Getting an understanding and patient generalist is step one. It's not easy going through depression but language barriers adds additional anxiety. I had to change generalists for my depression due to my doctor misdiagnosing me for being "homesick".
— Laura Vavz (@lauravavz) October 30, 2018
Another reader however had a more positive experiencing, telling The Local that she "got a contact for an English-speaking psychologist from my university, then I got a recommendation to an English-speaking psychiatrist".
So, if you're studying in France or working for a big company it could be worth your while to find out whether the organisation has its own psychologist who can advise you on what to do next.
You can also find lists of psychologists who will come to your home to offer their services.
One reader suggested simply searching 'psychologue a domicile' in Google which we did and several lists came up, including the Association Française des Psychologues A Domicile which has the contact details of psychologists who make home visits in various areas of France.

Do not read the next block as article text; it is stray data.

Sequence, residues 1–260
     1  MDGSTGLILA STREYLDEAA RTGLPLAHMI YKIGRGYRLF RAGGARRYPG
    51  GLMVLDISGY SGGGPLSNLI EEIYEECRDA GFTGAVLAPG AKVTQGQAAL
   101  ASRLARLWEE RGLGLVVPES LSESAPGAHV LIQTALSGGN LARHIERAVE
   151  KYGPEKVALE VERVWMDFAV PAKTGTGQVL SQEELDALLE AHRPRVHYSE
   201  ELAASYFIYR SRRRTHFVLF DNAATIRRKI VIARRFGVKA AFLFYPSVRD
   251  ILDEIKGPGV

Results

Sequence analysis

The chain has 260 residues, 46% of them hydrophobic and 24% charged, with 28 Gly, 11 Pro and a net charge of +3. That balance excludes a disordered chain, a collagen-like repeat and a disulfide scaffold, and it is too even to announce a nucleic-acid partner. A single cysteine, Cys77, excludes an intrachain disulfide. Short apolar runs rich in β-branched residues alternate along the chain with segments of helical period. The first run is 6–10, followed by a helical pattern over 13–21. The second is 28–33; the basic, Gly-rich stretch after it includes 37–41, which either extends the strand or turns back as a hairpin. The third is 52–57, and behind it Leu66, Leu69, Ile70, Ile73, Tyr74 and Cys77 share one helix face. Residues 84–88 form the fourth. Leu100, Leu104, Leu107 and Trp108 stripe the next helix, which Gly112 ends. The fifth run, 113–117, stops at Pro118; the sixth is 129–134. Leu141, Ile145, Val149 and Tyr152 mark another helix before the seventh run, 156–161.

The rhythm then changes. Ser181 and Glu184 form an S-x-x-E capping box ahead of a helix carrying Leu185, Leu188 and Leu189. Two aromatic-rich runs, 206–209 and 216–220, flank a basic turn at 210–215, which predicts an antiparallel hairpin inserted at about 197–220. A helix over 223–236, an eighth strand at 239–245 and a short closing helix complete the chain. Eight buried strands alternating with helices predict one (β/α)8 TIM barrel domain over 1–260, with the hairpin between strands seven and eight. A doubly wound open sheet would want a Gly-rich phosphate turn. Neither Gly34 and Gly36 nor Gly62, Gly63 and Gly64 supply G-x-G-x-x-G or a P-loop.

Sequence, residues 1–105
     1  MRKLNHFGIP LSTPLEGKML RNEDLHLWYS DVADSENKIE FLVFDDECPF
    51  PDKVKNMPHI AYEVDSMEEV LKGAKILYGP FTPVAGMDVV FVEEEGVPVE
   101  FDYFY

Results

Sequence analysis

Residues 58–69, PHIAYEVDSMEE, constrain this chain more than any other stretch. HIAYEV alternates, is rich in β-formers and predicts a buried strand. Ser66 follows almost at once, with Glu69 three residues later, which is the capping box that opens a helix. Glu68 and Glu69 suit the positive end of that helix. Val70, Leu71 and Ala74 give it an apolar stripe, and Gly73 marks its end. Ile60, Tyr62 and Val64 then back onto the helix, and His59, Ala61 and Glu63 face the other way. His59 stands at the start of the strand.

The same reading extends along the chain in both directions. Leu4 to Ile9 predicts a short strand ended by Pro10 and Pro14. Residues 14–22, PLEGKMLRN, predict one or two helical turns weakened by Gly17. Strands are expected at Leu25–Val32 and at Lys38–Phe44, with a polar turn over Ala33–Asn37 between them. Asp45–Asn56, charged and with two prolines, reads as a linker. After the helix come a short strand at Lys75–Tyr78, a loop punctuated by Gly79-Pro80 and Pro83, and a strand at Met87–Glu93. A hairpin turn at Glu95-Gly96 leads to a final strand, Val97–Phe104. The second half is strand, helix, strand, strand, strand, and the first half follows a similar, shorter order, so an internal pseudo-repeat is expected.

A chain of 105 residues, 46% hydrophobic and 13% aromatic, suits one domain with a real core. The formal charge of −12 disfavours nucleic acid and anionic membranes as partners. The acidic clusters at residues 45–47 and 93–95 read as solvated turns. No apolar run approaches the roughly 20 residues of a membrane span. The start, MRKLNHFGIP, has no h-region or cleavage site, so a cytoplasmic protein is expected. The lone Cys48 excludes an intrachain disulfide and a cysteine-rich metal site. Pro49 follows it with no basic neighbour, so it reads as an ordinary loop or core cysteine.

Photo: Zehun Jiang
Remember that you are not alone
It's important to remember that if you are struggling with anxiety or depression in France, you are not alone.
Several readers wrote to us either saying they had been surprised by the troubles they had had when they moved to France or how it was unsurprising just how many people go through them.
"The fact is that if you realise your dream and you then become depressed, it can be much worse as there is no longer something better to dream of in the future," said Don Lang.
"We all take our heads with us, so any problems are carried along to our new place. Moving doesnt help."
And reader Kate Boyd Coughlan urged people struggling with depression in France to think twice before packing up and returning home.
"I think the decision to leave or stay will depend on the individual. For example, if you have a strong support network here, with good, supportive friends and family, with none of that back in the UK (for whatever reason) then staying would be preferable."
The Local has received some recommendations of psychiatrists and psychologists based in Paris and Nantes. Please contact us at firstname.lastname@example.org if you would like us to pass on their details.